By Jean Roque, President, Trupp HR.
While marijuana continues to be federally regulated as a Schedule I controlled substance, today, nearly half of the U.S. has legalized marijuana for medicinal and/or personal use. If pending state laws were to pass, that number would reach 80%. The increasing number of state laws legalizing marijuana, combined with the inability to test in real-time for use of marijuana, is placing more and more of our country’s employers in a precarious position that mandates a careful and thoughtful review of company drug policies.
Is it time to shore up your drug policies?
Whether a company’s drug policy is driven by law, contracts, risk mitigation or company values, there continues to be a widespread commitment to enforcing a drug-free workplace. Regardless of the reason, state laws legalizing marijuana create a need for action including:
- Reviewing drug policies and verifying that actual practices are consistent with company policy and current state laws
- Incorporating language specific to use of marijuana into current drug policies, including a standardized practice for dealing with applicants and employees who test positive
- Reviewing pre-employment practices, such as language used in job postings and offer letters to ensure they properly notify applicants of the company drug policy and drug testing policy
Should your company relax its drug policies?
Companies operating in states with a legal form of marijuana may want to reconsider the relevance of their drug policies. If your company is not a federal contractor or subcontractor and does not have positions that are “safety sensitive”, it may be appropriate to relax some of your policies. Keeping in mind that frequent use and abuse of alcohol and drugs may negatively affect absenteeism, productivity, quality, and overall employee wellness, employers might cautiously consider:
- Eliminating random drug testing or modifying pre-employment screening
- Focusing on employee behavior rather than drug testing when on-the-job drug use is suspected
- Incorporating policy language specific to the use of marijuana that is modeled after alcohol policies in states where recreational marijuana use is legal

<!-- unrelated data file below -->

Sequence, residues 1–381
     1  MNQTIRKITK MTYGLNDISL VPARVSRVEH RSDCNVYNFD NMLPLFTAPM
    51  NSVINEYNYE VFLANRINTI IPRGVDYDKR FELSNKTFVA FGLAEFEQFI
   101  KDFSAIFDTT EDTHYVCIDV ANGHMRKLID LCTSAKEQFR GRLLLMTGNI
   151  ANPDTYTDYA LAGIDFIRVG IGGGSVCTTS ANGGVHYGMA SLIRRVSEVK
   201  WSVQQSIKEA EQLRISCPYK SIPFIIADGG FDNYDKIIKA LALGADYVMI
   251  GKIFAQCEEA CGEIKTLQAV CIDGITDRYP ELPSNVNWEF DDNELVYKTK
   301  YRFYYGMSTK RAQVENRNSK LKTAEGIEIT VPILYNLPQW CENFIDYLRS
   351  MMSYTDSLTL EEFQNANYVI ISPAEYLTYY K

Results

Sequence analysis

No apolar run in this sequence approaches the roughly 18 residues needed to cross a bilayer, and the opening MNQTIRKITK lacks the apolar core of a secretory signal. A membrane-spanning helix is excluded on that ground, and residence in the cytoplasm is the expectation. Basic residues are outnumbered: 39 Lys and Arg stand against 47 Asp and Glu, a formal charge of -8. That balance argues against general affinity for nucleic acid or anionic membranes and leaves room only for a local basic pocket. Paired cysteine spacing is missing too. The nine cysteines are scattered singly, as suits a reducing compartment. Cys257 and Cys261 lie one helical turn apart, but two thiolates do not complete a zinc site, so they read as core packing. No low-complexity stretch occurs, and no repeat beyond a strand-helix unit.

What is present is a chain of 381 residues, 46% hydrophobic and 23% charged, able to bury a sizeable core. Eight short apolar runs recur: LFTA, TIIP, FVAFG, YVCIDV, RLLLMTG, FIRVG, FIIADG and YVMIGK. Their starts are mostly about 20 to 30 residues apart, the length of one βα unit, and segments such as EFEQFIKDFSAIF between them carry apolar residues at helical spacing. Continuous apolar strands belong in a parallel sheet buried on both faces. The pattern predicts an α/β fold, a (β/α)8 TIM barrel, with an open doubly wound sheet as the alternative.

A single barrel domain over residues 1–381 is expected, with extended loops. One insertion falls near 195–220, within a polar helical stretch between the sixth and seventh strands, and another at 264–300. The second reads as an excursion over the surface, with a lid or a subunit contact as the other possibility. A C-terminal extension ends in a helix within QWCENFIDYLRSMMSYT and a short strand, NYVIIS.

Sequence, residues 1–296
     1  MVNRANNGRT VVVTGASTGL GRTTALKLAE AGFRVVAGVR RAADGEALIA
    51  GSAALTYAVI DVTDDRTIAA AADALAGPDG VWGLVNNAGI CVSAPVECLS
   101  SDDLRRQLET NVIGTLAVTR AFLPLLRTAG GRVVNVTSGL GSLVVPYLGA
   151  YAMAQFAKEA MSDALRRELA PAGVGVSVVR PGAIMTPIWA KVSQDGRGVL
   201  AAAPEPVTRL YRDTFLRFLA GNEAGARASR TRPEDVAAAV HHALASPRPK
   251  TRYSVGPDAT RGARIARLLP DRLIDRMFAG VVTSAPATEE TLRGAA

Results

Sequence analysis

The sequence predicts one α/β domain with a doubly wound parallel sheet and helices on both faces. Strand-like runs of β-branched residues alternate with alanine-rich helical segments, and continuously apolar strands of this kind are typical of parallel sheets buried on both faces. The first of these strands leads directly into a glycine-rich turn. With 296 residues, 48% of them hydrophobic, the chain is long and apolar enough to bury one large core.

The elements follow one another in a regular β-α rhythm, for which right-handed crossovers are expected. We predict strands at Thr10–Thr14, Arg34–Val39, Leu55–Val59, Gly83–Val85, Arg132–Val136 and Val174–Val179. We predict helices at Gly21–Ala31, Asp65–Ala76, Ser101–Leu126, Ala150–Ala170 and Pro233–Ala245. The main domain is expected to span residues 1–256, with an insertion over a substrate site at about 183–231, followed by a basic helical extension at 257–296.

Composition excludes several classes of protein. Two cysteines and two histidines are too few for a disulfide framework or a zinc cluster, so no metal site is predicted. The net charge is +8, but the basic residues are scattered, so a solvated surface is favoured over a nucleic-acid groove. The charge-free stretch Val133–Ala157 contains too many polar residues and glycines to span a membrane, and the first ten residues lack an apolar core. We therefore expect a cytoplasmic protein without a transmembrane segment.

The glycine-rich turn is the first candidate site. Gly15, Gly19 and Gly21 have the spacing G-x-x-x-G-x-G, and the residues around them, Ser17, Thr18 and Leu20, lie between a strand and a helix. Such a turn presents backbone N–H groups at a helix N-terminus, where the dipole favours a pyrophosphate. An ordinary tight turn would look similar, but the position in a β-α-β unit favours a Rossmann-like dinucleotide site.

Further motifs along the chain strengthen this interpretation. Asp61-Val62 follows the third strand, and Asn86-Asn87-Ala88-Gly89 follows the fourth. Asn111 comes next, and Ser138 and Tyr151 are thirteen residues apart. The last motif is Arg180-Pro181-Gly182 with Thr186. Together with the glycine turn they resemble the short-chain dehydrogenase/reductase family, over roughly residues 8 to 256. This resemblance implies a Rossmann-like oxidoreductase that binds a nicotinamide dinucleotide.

Can an employer terminate an employee for marijuana use if medicinal or recreational use of marijuana is legal in the employer’s state?
Recent case law continues to support an employer’s right to maintain a drug-free workplace, including termination of an employee who is deemed impaired by a controlled substance while on the job or who tests positive for use of marijuana. Even in cases where the employee has used marijuana for prescribed medicinal purposes, courts have supported the employer’s right to enforce their company policies. Employers subject to disability laws such as the American with Disabilities Act, however, should provide employees using medicinal marijuana the opportunity to switch to another form of treatment before terminating employment.
What’s next for employers contending with recreational or medicinal use of marijuana?
- Evaluate employee policies to ensure alignment with company practices and current law; consider addressing marijuana separately where appropriate.
- Inform employees of the company’s current policies and provide an opportunity for open, two-way communication on the topic.
- Equip managers to explain and enforce policies, recognize impairment and signs of abuse, and handle employee situations and questions.
- Continue to monitor the legal environment and changing regulations.